Holi Festival is one of the india’s biggest festival, however it’s the most colourful — and probably the one which is most loved by foreigners.
Many people have already “experienced Holi in India” and they had loved it.
How adults, children or old everyone throw coloured powder at each other, and squirt each other with water weapons packed with colored water like water balloons, tubs and all other things and of course who are extra adventurous like me there’s also bhang to drink on.
Holi Festival in India
One of the major festivals of India, Holi is celebrated with enthusiasm and gaiety on the full moon day in the month of Phalgun which is the month of March as per the Gregorian calendar.
Holi festival may be celebrated with various names and people of different states might be following different traditions. But, what makes Holi so unique and special is the spirit of it which remains the same throughout the country and even across the globe, wherever it is celebrated.
Holi Festival History
Holi is an ancient festival of India and was originally known as ‘Holika’. The festivals finds a detailed description in early religious works such as Jaimini’s Purvamimamsa-Sutras and Kathaka-Grhya-Sutras. Historians also believe that Holi was celebrated by all Aryans but more so in the Eastern part of India.
It is said that Holi existed several centuries before Christ. However, the meaning of the festival is believed to have changed over the years. Earlier it was a special rite performed by married women for the happiness and well-being of their families and the full moon (Raka) was worshiped.
Calculating the Day of Holi
There are two ways of reckoning a lunar month- ‘purnimanta’ and ‘amanta’. In the former, the first day starts after the full moon; and in the latter, after the new moon. Though the amanta reckoning is more common now, the purnimanta was very much in vogue in the earlier days.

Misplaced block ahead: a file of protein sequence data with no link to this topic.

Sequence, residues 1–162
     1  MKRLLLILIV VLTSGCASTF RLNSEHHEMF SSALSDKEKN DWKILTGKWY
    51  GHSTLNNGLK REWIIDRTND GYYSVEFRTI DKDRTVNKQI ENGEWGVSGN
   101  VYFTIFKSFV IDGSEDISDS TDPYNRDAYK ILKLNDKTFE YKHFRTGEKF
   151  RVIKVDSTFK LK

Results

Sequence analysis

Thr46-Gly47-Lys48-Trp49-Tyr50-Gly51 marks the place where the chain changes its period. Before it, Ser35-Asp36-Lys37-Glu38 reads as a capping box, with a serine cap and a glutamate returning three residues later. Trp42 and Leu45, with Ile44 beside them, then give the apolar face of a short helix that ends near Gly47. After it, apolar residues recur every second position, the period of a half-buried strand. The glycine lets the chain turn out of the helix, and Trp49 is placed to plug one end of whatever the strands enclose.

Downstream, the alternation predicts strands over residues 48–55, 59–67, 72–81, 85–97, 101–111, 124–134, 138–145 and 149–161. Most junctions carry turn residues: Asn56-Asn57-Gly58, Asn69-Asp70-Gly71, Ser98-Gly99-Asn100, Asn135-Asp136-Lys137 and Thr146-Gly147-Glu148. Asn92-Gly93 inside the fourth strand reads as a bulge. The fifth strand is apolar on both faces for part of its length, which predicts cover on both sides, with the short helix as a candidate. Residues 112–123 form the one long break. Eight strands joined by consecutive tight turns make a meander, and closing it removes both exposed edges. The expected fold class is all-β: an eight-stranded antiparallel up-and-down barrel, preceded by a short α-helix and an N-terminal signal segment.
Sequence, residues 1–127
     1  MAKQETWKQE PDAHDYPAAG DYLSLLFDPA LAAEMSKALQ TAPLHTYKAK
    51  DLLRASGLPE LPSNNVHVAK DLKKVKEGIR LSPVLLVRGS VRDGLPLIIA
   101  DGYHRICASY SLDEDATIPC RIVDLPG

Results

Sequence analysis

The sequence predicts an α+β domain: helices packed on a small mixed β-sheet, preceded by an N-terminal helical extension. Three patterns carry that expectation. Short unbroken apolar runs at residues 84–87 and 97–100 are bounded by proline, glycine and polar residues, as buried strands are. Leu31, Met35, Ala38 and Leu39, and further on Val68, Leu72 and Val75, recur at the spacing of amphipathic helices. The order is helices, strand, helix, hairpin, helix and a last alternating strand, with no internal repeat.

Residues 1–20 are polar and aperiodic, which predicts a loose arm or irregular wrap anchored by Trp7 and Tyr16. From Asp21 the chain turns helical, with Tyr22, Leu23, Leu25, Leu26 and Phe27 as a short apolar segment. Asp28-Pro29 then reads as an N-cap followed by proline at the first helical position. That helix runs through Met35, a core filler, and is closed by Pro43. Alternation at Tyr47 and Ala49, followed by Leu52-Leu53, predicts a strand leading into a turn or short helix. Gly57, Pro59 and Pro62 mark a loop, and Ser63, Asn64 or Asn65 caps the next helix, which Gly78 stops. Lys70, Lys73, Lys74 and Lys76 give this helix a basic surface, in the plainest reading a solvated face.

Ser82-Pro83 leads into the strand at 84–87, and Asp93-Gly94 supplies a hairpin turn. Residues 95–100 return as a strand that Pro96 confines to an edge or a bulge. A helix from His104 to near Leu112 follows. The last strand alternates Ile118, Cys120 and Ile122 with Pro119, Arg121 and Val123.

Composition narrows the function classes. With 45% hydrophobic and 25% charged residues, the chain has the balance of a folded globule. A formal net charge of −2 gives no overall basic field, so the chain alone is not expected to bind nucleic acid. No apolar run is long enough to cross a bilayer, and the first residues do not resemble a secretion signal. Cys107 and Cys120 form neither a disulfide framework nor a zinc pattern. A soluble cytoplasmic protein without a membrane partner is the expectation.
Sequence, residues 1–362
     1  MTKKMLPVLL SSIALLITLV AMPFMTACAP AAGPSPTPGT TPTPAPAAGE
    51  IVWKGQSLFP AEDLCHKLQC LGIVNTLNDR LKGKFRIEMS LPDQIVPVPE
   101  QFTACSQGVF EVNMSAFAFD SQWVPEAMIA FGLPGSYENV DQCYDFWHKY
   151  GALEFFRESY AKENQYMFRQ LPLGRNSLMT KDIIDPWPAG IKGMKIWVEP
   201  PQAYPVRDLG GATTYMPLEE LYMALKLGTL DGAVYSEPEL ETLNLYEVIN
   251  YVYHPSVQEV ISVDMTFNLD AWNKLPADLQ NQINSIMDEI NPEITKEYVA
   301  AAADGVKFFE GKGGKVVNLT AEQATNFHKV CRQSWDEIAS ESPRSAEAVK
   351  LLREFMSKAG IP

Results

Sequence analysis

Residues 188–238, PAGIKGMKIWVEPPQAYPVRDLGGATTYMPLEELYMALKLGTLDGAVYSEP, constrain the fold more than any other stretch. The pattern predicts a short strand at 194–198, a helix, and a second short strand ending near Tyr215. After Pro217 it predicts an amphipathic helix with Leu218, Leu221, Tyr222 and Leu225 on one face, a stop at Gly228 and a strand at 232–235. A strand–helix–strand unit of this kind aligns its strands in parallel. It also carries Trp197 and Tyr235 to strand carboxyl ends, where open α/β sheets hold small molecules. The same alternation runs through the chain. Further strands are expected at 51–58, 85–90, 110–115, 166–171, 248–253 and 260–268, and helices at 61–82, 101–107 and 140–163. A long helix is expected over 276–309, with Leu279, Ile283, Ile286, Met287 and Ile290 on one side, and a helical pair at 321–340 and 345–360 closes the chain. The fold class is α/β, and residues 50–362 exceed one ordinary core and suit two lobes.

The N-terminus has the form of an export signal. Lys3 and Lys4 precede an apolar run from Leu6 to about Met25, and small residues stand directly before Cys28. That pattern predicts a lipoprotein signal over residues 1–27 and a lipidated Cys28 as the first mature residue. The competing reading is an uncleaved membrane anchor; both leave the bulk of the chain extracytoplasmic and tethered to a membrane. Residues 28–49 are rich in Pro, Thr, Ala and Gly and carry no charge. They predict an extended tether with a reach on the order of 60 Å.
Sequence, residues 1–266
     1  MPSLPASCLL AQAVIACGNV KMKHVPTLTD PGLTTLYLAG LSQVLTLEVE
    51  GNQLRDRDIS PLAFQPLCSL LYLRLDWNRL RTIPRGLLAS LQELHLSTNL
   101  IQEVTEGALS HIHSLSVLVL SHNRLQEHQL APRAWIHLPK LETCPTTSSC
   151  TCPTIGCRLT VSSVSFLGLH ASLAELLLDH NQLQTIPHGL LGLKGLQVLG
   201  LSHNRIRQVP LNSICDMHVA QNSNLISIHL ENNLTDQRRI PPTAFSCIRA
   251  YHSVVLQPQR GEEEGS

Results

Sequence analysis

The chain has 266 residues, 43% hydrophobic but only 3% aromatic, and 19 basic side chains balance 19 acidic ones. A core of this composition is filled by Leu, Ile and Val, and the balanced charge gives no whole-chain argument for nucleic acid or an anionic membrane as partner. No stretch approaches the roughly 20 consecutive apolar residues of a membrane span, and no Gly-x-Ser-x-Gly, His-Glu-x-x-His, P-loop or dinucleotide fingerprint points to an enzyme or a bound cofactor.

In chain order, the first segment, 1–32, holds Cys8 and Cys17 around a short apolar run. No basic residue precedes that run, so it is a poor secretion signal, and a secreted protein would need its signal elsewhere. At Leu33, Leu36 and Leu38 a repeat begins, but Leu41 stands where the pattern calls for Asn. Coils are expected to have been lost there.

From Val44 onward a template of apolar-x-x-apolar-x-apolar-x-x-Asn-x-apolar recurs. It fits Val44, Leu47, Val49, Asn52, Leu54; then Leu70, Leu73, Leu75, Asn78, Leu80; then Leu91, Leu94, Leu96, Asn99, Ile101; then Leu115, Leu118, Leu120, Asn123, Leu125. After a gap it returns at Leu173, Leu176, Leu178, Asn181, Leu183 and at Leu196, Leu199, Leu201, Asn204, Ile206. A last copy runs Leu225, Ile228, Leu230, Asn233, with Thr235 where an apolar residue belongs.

According to this purnimanta reckoning, Phalguna purnima was the last day of the year and the new year heralding the Vasanta-ritu (with spring starting from next day). Thus the full moon festival of Holika gradually became a festival of merrymaking, announcing the commencement of the spring season. This perhaps explains the other names of this festival – Vasanta-Mahotsava and Kama-Mahotsava.
On the eve of Holi, called Chhoti or Small Holi people gather at important crossroads and light huge bonfires, the ceremony is called Holika Dahan. This tradition is also followed in Gujarat and Orissa. To render greatfulness to Agni, god of Fire, gram and stalks from the harvest are also offered to Agni with all humility. Ash left from this bonfire is also considered sacred and people apply it on their foreheads. People believe that the ash protects them from evil forces.
Play of Colors
Great excitement can be seen in people on the next day when it is actually the time for the play of colours. Shops and offices remain closed for the day and people get all the time to get crazy and whacky. Bright colours of gulal and abeer fill the air and people take turns in pouring colour water over each other. Children take special delight in spraying colours on one another with their pichkaris and throwing water balloons and passers by. Women and senior citizen form groups called tolis and move in colonies – applying colours and exchanging greetings. Songs, dance on the rhythm of dholak and mouthwatering Holi delicacies are the other highlights of the day.
Holi Legends and Mythology
In some parts of India, specially in Bengal and Orissa, Holi Purnima is also celebrated as the birthday of Shri Chaitanya Mahaprabhu (A.D. 1486-1533). However, the literal meaning of the word ‘Holi’ is ‘burning’. There are various legends to explain the meaning of this word, most prominent of all is the legend associated with demon king Hiranyakashyap.